Casie Becker wrote:With that many trees in a 1/4 acre lot, I think you're probably limited to shade tolerant plants, unless you remove some trees. Yards with that many trees here are usually too shady for most vegetables.
I showed my mother your photos and asked her more experienced opinion and she suggested you try growing plants in pots that you moved around to find the areas with sufficient sunlight. She also talked about how much difference removing one tree had in a home when I was a child.
As far as attractive design for your edible landscape, I was lucky enough to find this book https://www.amazon.com/Edible-Landscaping-Rosalind-Creasy/dp/1578051541 in a used book store. It's filled with full color photos of well done edible landscape. Her web page http://www.rosalindcreasy.com/ has more pictures, and a lot of helpful information. This includes some basic plant lists, organized by climate zone.
Kate Muller wrote:Hello Neighbor,
I am in Southern New Hampshire about 5 miles west of the Merrimack River. My husband and I have been working on our place since 2014. It sounds like you have glacial sand for soil. It is very common here. You will want to get a soil test. The glacial sand tends to be very low in nutrients. You may discover that it drains too well. You will find lots of rocks when you put a shovel in the ground.
The lack of sun and the competition for nutrients are going to be a big problem if you want fruit and nut producing plants. I can't even get Jerusalem artichokes to grow more than 2 feet in a spot that only gets 6 hours of sun. With 2 to 4 hours of full sun you are looking at herbs and leafy greens in terms of edibles. My old house in Manchester had partial sun at best and I major trouble getting anything to fruit. I would consider removing some of the oaks to allow more light in. If you want to grow mushrooms on the logs cut them down in the late winter when the maple sap is flowing and inoculate them right away.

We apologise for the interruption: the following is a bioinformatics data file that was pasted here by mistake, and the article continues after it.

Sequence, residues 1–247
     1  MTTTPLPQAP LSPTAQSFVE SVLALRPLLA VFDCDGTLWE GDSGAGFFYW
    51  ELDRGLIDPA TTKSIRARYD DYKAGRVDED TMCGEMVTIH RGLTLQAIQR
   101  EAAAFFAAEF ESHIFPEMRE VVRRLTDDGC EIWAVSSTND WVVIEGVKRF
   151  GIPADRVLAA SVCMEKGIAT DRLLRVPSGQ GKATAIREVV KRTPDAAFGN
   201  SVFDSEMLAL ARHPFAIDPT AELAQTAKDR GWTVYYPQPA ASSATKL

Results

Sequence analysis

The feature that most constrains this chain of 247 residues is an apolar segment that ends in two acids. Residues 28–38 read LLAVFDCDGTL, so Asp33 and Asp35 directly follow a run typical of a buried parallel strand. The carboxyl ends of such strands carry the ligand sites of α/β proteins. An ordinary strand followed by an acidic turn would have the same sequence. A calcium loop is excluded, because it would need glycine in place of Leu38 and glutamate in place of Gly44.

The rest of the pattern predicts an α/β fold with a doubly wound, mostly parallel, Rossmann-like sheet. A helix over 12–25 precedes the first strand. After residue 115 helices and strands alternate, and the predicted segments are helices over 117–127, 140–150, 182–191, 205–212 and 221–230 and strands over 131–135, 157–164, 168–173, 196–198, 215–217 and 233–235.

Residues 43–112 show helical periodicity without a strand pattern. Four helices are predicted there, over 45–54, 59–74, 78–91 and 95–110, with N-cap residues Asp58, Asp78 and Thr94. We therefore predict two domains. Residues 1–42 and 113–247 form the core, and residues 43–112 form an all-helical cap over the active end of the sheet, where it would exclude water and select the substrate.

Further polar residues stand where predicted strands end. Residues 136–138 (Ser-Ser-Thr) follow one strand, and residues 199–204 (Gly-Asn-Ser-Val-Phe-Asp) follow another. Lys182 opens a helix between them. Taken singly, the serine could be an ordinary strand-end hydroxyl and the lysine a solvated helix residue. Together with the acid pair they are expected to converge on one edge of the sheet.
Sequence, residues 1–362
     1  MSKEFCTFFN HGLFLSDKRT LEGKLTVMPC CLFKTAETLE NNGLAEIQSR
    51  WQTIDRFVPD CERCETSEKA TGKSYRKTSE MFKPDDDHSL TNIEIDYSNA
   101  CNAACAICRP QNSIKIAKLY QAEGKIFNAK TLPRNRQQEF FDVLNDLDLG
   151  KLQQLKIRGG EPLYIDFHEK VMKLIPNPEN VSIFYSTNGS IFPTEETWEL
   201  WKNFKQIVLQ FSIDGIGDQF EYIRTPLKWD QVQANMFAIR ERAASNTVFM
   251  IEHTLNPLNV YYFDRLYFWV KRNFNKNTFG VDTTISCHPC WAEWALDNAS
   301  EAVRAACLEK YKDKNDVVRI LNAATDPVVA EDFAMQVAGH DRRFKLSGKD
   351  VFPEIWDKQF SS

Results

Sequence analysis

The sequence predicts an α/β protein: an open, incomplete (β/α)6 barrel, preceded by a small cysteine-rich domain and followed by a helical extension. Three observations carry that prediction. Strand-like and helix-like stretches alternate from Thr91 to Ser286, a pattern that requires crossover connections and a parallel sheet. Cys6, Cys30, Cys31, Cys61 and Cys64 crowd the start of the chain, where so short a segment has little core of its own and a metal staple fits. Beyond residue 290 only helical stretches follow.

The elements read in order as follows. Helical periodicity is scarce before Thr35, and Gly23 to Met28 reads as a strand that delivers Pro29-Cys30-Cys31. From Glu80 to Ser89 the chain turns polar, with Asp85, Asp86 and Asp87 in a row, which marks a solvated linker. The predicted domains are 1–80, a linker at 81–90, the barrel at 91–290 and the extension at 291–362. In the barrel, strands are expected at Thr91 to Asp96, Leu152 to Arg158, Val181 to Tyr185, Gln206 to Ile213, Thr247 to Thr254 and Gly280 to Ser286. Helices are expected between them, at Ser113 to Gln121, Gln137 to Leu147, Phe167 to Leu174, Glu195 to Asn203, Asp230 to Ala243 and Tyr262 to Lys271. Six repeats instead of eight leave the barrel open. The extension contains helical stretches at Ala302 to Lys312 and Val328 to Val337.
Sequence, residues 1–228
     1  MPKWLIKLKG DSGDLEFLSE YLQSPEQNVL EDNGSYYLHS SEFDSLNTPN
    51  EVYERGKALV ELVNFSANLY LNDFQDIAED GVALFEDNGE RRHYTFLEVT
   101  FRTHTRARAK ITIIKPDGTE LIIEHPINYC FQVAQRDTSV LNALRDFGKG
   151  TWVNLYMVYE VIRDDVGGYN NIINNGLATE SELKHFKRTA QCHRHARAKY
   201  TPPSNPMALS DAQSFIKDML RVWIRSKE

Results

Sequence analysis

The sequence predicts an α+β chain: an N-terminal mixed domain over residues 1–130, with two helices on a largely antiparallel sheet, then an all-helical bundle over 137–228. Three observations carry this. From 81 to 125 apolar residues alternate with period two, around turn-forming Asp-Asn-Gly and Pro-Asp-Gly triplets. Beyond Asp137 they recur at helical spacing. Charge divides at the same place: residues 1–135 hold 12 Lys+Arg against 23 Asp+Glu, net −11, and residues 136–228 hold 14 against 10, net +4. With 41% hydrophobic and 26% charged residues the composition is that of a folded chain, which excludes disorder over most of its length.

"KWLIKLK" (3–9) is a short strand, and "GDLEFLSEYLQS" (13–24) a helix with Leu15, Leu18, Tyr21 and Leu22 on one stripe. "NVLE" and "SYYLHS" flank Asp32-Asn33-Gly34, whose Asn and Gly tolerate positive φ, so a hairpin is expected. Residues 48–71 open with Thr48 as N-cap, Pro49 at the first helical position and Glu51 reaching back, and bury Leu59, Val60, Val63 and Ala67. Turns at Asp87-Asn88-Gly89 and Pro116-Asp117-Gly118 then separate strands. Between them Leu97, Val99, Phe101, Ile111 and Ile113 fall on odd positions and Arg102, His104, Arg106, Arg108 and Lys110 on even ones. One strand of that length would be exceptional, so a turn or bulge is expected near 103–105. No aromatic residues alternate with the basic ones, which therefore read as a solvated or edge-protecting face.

We built a bunch of hugelkulture beds and the rodents love them. I have wood chucks, ground squirrels, rabbits, voles and moles living in them. They also dry out fast with the sandy soil. This year with the drought we had to water quite a bit even with 4 to 6" of mulch because everything drains too well. The wood chips from the town dump is the way to go. We started mulching everything with them this year and it has helped. I also use mulch hay and fall leaves to mulch everything.
The deer have been a major issue for us. This year they have jumped over our 7 foot fences and nibbled on everything. I think they have killed our cherry trees. Do not underestimate the deer.
Feel free to ask me questions.
Kate Muller wrote:Currents, Jostaberry, and gooseberry are not easy to get. You can't buy them in NH and I haven't found a company that will ship to NH either.
Elderberry grows everywhere here. American Hazelnuts suffer less deer damage than European varieties. Both types grow here and you can get them and other shrubs from the state nursery. I don't know how well they will do in partial sun.
I want to try mulberries but I am hoping to find a variety that doesn't stain that will survive a NH winter.
Susanna Pitussi wrote:I'm working with some not-so-well-drained woods in Zone 6a in Nova Scotia. Similar climate, but mostly softwood and little soil depth.
You might want to check out the book "Integrated Forest Gardening". It's worth it just for the 15 case studies in the back, with 15 complete forest garden guilds including planting diagrams. They focus equally on medicinals, so their guilds might not be as food-focused as you are. I got a lot of ideas for plants from their book.
One of their guilds features a "North Star Cherry" hardy to zone 3 (I think).
Also, I haven't seen elderberry or paw paw mentioned here yet, and both are under-story plants that can handle some shade. I've also heard there are raspberry cultivars out there that will fruit in the shade, too. The authors of the book above show Paw Paw as hardy to Zone 4.
I'm wondering if it might be possible to do some selective limbing of a few of your oak trees, to make some holes in the shade without taking the whole tree down?
I wonder if I could plant some sacrificial plants along the backyard fence line, to give the deer something even more attractive than my front yard? Persimmon or plum trees? Something that bears quickly, if I could nurse it to adulthood with chicken-wire cages?
Always look on the bright side of life. At least this ad is really tiny:
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